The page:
Take a Lesson from Town Council

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Congratulations, on your election to the city council! No, wait – it’s your association’s board of directors, isn’t it? Not such a stretch of the imagination to make the comparison. While the board’s structure is “technically” more corporate, the city council analogy is probably more realistic. Anyone who has ever been to a council meeting would probably agree.
Your board meetings are held with the intention of getting the business of the association accomplished in a timely and fiscally responsible manner. After all, the community did elect you to oversee the operation of its common elements and financial condition, not block the construction of the new mega-mart or arbitrate a dispute between supposed adults who are allowing their dog to relieve itself on someone’s prized posies, right?
Realistically, a community association is a small town and, like it or not, you are now the government. That’s why I like the comparison. Your neighbors elected you to represent their interests. Just like local politics, the general public doesn’t go to a council meeting or board meeting unless there is a polarizing issue. And as with the town council, there always seems to be a few interested folks who wish to influence the governing body at the most inopportune moment, just plain slowing down or stalling the process.
Taking a lesson from the town council model, the president and members of the board (mayor and council) have a support staff (city staff and manager/management company) that work as a team to accomplish the city/association’s business. Neither can truly be successful without this partnership.
How do we get things accomplished, while still meeting the needs of the membership?

  • Through setting and publishing goals and expectations that are reasonable and obtainable.
  • Through investigation, meaningful discussion and carrying out a thoughtful decision-making process.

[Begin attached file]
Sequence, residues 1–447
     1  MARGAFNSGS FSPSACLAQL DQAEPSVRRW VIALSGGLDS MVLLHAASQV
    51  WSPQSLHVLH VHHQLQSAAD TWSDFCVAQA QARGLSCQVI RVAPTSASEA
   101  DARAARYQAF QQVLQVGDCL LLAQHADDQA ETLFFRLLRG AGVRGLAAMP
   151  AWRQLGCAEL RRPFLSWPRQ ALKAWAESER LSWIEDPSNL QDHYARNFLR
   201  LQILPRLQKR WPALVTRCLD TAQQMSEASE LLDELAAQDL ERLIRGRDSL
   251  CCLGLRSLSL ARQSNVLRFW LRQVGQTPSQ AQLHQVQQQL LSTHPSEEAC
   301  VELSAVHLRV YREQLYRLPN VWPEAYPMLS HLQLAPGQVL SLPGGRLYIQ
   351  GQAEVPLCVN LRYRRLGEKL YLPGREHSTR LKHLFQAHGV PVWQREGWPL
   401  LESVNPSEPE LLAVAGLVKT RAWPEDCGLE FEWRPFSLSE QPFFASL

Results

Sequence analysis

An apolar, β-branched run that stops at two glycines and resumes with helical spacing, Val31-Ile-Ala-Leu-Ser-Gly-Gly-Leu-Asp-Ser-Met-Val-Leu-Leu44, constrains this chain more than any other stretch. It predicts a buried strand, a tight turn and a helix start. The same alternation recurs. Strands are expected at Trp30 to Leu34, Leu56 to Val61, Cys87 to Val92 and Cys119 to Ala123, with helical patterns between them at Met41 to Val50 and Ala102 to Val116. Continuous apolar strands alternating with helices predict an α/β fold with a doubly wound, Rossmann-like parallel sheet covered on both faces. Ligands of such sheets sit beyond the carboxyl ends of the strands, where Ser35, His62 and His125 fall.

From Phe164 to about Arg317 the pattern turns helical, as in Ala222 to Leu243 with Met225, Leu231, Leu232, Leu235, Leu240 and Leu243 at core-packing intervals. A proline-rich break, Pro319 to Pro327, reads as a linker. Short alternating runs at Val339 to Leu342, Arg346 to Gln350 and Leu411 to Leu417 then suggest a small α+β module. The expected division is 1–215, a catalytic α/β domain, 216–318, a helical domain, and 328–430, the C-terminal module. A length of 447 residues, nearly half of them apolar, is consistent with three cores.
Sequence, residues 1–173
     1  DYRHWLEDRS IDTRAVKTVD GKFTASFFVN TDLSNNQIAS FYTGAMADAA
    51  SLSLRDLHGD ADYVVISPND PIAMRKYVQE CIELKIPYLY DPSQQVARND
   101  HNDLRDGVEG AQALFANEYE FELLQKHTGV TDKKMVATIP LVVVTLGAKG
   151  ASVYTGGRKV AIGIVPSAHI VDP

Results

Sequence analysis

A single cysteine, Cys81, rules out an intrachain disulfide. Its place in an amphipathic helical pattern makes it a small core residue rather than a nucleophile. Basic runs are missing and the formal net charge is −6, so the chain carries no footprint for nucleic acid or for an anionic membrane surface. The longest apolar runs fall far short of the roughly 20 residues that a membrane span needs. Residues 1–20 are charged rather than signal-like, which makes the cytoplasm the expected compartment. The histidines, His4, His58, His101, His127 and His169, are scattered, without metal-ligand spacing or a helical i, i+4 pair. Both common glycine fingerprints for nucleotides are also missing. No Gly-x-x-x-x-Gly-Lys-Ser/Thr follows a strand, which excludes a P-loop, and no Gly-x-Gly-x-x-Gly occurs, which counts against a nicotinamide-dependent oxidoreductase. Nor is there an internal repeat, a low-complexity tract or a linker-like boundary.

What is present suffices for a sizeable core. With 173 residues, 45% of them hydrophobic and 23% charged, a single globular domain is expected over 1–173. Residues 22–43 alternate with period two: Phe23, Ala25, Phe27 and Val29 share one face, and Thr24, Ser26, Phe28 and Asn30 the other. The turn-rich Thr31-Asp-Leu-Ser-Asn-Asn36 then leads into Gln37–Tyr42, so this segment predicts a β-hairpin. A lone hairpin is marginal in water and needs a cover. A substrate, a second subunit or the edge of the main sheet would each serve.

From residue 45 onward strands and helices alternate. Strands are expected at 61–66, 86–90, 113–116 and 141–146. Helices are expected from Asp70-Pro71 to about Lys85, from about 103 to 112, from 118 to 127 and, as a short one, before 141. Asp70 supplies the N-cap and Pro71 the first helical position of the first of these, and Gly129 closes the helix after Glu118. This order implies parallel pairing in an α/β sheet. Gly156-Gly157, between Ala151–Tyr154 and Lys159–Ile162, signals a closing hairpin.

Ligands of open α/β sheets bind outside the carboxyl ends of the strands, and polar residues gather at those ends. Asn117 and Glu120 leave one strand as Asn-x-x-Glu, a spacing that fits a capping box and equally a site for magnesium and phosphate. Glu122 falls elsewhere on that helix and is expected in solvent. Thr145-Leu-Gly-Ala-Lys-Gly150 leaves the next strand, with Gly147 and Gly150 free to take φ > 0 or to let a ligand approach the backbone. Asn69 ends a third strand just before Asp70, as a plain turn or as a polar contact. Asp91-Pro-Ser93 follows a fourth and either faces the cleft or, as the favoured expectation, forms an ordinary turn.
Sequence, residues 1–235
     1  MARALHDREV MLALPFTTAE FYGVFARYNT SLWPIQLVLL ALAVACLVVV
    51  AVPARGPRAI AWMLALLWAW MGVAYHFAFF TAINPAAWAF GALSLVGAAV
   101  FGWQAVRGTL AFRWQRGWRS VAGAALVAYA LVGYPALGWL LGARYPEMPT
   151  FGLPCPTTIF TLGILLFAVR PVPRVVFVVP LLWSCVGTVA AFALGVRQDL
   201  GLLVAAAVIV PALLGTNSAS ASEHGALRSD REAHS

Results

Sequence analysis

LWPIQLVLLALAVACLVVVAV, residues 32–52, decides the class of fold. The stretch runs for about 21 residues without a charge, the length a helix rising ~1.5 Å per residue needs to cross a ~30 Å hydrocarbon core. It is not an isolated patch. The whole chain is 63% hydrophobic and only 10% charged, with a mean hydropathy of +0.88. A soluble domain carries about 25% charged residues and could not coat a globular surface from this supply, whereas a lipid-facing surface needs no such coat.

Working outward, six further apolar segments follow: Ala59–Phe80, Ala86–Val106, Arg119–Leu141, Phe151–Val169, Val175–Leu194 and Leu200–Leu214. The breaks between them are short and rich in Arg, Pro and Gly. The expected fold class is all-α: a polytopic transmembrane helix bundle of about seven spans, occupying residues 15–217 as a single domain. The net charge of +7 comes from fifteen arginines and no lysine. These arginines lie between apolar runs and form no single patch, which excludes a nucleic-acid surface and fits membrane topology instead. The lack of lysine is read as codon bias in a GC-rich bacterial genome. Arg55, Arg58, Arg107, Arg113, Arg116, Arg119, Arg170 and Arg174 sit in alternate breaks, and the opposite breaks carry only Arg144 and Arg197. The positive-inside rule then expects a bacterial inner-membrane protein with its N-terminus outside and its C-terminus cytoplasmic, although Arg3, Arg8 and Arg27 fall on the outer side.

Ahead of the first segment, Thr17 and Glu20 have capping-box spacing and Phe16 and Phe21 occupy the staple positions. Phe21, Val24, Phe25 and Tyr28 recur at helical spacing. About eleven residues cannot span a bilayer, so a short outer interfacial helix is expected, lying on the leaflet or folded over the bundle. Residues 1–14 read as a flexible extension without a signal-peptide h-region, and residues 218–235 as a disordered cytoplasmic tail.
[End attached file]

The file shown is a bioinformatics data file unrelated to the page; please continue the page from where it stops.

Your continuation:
• Most importantly and without a doubt the most difficult to accomplish, being an extremely good listener.

As a board member, you not only have to be a savvy business person, you have to be a public servant, too. From time to time, you will need to garner support from your constituents to get needed funding to make major repairs or replace a prematurely failing component of the community’s infrastructure.
Combining the best parts of city council and corporate board room practices goes a long way to running a productive community association board meeting. Both require a strong leader and both need good structure to succeed.
Try running your board meeting a like the city council:

  • Use a detailed agenda, time limits and a smattering of parliamentary procedure when needed to keep things on track.
  • Be ready to conduct business and make decisions. This is where good management plays its most crucial part. The board package they provide should contain everything you need to take care of business based on your clearly articulated and comprehensive instructions.
  • Take the time to review and understand the board package prior to taking your seat at the meeting. As a board member, expect that you will have that package of information no later than close of business the Friday before your board meeting. As managers, it is our expectation of the board that you have taken time to review this information prior to the meeting and come in ready to work. Ask questions before the meeting so the manager has time to research them and provide you with answers that may not be available “on the fly” at the meeting.
  • Allow time for interested members of the community to comment, hear what they have to say and consider it when making decisions. However, it cannot be an unending debate and gentle but firm leadership must be applied. This is where your detailed agenda comes into play. If the membership knows what you plan to accomplish at the meeting they can provide their perspective during the member’s comments/open forum portion of the meeting, allowing the board to work through the decision-making process in relative peace after the issue is brought to the floor by a formal motion and second. This also permits the membership to have its say, and allows the board to make an informed decision.

If the board and management sit down at the beginning of their relationship, develop reasonable expectations, a working partnership and a realistic annual plan based on specific calendar benchmarks, volunteering becomes a pleasure and not a chore. The best interests of the community are met, and your board meeting will be less than two hour in length. I’d challenge any city council to accomplish that!
This article is provided by Select Community Services.